24 Hours of LeMons race cars made to look like well-known movie cars go back to the earliest days of the series. We’ve seen dozens of Smokey and the Bandit “Trans Ams” and Back To the Future “DeLoreans” over the years, executed with varying degrees of faithfulness to the original, but what we really needed was a down-to-the-last-detail perfect Vacation Wagon Queen Family Truckster. Thanks to Speedycop and his Gang of Outlaws, we got just that at the 2014 South Fall race.
Enter Speedycop, a Washington D.C. police officer with limitless energy and a magical ability to motivate teammates to help with his crazed projects. The list of his team’s great LeMons cars is far too long to get into here (we suggest taking a look at the Spirit of LeMons Cessna, the Pontiac Bonneville Donk, the Racing Trailer, the BMWhatever, the Rented Rustwagon, and the V12 Thunderbird in order to get a quick overview of Speedy’s particular brand of madness), so he decided it was time to take on the Family Truckster challenge. The original Truckster built for the movie by George Barris started life as a 1979 Ford LTD Country Squire, so the Gang of Outlaws found a running example of this Detroit classic as their starting point.
Getting the correct eight-headlight front end required a great deal of fabrication using junkyard LTD sheet metal and endless hours of labor. Here’s Gang of Outlaws member John Cox at work. Cox also did the car’s wood trim.
Built in two weeks working long hours daily, primarily by John Cox, Don Trevett, and myself. Other Outlaws helped though on the weekends. I missed a week of work building it—my last week of vacation time. Rear window trim was shortened and pieces swapped from side to side for the window alterations. Plywood was Gorilla glued to the glass, and then covered in Bondo, to make the windows smaller. Photos of the build are all by me, with my cell phone. John Cox did the headlights and real wood trim, Don Trevett did the Bondo work and helped prep for paint, Jaime did much of the sanding. I did the cage, the roof treatment, the paint, the vinyl, etc.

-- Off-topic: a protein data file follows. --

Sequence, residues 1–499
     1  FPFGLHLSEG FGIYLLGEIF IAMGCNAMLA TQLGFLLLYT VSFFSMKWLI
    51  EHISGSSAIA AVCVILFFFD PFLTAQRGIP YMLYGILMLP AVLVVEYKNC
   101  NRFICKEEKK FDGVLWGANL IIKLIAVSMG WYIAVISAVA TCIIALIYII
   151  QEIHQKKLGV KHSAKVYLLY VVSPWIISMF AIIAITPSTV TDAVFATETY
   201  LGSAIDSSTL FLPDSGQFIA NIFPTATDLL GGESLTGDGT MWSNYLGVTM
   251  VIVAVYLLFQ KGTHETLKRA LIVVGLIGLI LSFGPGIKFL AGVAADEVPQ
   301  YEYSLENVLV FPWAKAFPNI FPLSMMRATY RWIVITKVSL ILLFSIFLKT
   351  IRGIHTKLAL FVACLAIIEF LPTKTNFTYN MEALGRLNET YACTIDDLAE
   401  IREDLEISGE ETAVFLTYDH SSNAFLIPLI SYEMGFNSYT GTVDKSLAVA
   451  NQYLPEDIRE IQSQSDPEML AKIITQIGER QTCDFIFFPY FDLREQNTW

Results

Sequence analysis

If you want a genuine Wagon Queen Family Truckster that looks like it just rolled out of the Lou Glutz showroom, you need to invest a lot of sweat. Keep in mind that this car not only had to look just like a Truckster, it had to be a genuine fully-caged road-race vehicle, complete with all the safety gear needed for that purpose.
When the Truckster debuted at the South Fall inspections (which take place after a parade through Camden, South Carolina), crowds gathered in awe. Every detail was perfect.
Yes, it’s numbers-matching correct, right down to the dog leash tied to the rear bumper!
At this point, we didn’t much care how well the Speedycop Truckster performed on the race track. Most of the time, an old car in its first race will suffer from repeated breakdowns as worn-out parts break, electrical components fail, the fuel system gets clogged with shaken-loose schmutz, and so on. The next day, the checkered flag waved, the race began… and the Family Truckster ran and ran and ran.
Being a massive station wagon with a low-compression Malaise Era engine wheezing away under the hood, the Family Truckster wasn’t particularly fast. However, it ran just about the entire weekend, finished 73rd out of 110 entries, and brought home yet another Index of Effluency trophy for Speedycop and the Gang of Outlaws. What’s next? Well, we’re looking forward to seeing the 16-cylinder, twin-engined Lincoln Continental do some LeMons dominating, once the bugs are worked out.